Player/Wavetable Synthesizer Technology



Today’s mobile phones and PDA’s are highly integrated multi-function communications and entertainment devices. For these and similar applications, QSound Labs provides a suite of technologies that addresses their demanding audio needs: high functionality with low resource requirements.

Amongst these technologies are a full-featured audio player supporting multiple digital audio file formats, and a polyphonic wavetable synthesizer, mQSynth, to render ringtones and other performance files (explained below).

These functions are separately available, but conveniently packaged in a compact software digital audio engine called microQ.

Digital audio files in formats such as .mp3 are essentially recordings. These files are handled by the player, and can benefit from selective application of spatial and spectral enhancements as well as dynamic range control, to improve their playback quality on small handheld devices. This enhancement is available via the mQFX enhancement package.

Modern cell phones typically provide the user with the ability to select or download polyphonic (multi-voice) ringtones, so that their phones can inform the user of an incoming call through sophisticated musical alerts. Some phones can associate different ringtones with different callers.

Performance files are commonly used for ringtones (i.e. musical incoming call alerts). This type of file, in a variety of formats including the Standard MIDI file (.mid), is composed of a list of time-stamped instructions that select instruments and play notes with them. As such, it is entirely different than a digital audio file and much more analogous to a musical score.

Performance file instructions are interpreted by a file parser which then feeds them to a music synthesizer to render (perform) the digital score in real time, turning instructions into music with digital instruments and sound effects.

Real-time music synthesis has two main advantages over pure digital audio:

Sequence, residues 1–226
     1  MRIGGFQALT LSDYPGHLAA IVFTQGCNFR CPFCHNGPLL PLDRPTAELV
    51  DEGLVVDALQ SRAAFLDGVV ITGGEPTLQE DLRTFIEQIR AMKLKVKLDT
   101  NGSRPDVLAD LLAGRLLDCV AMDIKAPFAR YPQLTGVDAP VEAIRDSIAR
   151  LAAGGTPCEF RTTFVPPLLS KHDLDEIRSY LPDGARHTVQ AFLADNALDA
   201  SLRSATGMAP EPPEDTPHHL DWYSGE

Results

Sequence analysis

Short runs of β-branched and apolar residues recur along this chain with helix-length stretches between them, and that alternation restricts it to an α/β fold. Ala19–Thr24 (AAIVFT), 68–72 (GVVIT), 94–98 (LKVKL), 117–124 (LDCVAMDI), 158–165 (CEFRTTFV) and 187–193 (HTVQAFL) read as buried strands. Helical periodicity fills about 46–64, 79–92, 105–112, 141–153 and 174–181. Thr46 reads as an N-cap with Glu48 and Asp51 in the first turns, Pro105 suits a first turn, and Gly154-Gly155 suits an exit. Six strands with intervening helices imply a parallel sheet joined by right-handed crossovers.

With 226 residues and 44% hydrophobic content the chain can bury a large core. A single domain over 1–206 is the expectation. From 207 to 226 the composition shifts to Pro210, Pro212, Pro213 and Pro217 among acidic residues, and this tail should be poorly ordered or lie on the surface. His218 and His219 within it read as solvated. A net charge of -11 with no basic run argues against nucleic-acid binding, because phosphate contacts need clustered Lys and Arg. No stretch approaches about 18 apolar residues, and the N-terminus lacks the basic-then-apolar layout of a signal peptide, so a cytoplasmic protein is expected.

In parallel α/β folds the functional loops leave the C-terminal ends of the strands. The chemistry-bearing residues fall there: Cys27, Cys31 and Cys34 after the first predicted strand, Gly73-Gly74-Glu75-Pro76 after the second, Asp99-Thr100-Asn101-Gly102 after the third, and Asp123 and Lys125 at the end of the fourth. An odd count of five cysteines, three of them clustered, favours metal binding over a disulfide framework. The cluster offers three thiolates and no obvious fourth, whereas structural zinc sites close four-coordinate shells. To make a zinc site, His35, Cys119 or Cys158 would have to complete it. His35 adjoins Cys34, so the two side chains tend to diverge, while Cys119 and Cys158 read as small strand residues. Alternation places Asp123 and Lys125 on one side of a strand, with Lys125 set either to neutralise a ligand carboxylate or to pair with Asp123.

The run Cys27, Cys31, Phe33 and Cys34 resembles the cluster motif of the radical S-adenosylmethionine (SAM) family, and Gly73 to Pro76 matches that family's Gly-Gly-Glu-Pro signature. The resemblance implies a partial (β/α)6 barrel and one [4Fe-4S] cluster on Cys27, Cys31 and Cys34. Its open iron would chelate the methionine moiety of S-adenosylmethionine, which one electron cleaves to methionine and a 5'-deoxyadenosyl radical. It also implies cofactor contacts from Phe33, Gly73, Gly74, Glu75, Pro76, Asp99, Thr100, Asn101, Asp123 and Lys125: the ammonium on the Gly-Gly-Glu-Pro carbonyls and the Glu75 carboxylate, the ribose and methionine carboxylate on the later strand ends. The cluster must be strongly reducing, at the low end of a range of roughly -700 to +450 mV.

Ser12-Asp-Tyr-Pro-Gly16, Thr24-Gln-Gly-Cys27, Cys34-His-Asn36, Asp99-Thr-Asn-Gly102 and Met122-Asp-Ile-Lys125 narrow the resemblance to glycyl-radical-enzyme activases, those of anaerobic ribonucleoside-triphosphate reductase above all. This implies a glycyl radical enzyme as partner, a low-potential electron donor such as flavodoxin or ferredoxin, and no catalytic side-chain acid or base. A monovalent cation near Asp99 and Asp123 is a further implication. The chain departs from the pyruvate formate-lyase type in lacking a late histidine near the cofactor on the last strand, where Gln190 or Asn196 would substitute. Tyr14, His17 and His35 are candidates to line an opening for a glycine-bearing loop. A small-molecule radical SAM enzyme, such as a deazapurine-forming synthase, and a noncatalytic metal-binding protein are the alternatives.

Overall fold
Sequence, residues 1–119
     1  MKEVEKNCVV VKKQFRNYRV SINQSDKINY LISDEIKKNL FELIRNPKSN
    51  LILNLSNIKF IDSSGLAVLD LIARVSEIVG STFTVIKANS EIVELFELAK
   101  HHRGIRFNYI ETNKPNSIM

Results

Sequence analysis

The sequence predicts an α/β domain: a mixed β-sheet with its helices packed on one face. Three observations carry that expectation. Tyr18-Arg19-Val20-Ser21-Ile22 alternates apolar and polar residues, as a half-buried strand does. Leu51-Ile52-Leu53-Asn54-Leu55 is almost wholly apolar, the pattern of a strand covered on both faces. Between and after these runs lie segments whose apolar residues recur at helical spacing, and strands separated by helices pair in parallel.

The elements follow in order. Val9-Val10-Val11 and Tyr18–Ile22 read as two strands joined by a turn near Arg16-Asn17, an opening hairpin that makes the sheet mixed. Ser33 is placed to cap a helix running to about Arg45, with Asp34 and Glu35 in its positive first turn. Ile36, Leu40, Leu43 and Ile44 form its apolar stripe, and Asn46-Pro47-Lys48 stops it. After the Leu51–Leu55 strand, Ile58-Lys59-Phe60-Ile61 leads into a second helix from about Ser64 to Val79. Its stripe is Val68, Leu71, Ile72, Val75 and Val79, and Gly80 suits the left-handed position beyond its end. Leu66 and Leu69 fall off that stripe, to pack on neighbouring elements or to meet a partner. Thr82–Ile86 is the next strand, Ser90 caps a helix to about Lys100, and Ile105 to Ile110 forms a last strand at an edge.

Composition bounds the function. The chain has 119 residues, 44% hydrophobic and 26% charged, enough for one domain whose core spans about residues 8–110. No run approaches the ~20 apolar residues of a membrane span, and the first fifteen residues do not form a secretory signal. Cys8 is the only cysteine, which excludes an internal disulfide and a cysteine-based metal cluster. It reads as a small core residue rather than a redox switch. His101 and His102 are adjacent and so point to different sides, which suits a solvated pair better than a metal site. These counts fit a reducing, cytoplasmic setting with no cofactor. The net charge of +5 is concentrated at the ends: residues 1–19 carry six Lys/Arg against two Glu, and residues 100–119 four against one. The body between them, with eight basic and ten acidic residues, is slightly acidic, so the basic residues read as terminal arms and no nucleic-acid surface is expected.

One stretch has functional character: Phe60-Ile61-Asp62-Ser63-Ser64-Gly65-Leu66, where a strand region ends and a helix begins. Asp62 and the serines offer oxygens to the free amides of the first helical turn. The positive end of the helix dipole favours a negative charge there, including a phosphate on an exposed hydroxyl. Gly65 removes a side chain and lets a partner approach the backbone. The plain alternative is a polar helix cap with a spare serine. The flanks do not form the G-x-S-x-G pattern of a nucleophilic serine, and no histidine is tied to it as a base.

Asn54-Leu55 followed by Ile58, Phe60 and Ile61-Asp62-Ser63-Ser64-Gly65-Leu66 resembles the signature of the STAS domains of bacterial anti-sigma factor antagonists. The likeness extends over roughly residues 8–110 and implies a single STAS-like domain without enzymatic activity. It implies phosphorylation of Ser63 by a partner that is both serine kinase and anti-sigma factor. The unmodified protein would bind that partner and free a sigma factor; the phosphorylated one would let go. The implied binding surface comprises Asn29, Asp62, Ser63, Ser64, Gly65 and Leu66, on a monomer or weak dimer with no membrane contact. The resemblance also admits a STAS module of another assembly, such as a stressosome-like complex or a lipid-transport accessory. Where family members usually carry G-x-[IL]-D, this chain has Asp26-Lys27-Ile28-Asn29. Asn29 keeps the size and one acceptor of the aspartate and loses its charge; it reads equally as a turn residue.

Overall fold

• because performance files are only instructions, they can be orders of magnitude smaller than digital audio files.
  • real-time synthesis can be controlled on the fly. This makes it a superb platform for games, not only for music that can follow the action, but also as a mechanism for playing sound effects.


The QSound audio player and synthesizer are core components of microQ and microQ JSR-234.




Wavetable Synthesizer mQSynth


The QSound digital audio engine turns performance files into music using a wavetable synthesizer. A wavetable synthesizer is essentially a highly specialized digital audio playback system that plays a set of digitally-recorded instrument sounds, individually known as waveforms or samples; and collectively as the wavetable.

Wavetable synthesis provides an excellent balance between realism and resource use. Because its samples are recorded from real instruments, wavetable synthesis has a substantial advantage over synthesis methods that emulate instrument sounds using simple waveshapes generated in real time. For example, while FM synthesis is known for its excellent bell tones and horns, it has great difficulty producing the rich, complex waveforms characteristic of instruments such as the acoustic piano, guitar, drums and other percussion instruments.

Each instrument definition for a wavetable synthesizer consists of samples and sets of parameters that determine how the synthesizer will articulate them, i.e. shape their playback in terms of volume, pitch, and tone. Seamless automatic repetition of the body of the samples (looping) allows notes to continue sounding indefinitely. Thus a relatively small number of short samples may be used to produce notes of arbitrary pitch, volume and length.

Our wavetable synthesizer can play as many as 16 instruments at the same time, and produce a number of simultaneous notes (i.e. polyphony) limited only by the resource capabilities of the platform hardware. Typically the synthesizer is configured for 32, 64 or 128-note polyphony.

There is a close relationship between the size of the synthesizer wavetable and the number and quality of distinctly different instrument sounds it can produce. To meet the needs of a broad range of hardware, our standard wavetables start as small as 50KB in size, and range up to over 1MB. Wavetable customization can be provided, e.g. if special emphasis is desired for certain types of instruments. The synthesizer is compatible with an industry-standard wavetable format called DownLoadable Sounds (.dls).

The QSound synthesizer supports formats such as Mobile XMF (.mxmf) that include, in addition to the event list comprising the musical score, custom instrument definitions (including associated samples). This gives the content producer the ability to provide wholly unique instruments, sound effects or voices to be played in their composition.

Real-time interactivity is supported through the Java JSR-135 interactive synthesizer interface and the Java JSR-234 compatible implementation of the microQ library.




Back to Top